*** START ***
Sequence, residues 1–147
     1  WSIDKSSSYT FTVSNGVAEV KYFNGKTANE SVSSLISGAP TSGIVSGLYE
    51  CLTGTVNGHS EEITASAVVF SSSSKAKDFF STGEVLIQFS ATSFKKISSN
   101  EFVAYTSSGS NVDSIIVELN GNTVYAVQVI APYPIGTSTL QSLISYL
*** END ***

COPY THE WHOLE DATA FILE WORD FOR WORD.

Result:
Sequence, residues 1–147
     1  WSIDKSSSYT FTVSNGVAEV KYFNGKTANE SVSSLISGAP TSGIVSGLYE
    51  CLTGTVNGHS EEITASAVVF SSSSKAKDFF STGEVLIQFS ATSFKKISSN
   101  EFVAYTSSGS NVDSIIVELN GNTVYAVQVI APYPIGTSTL QSLISYL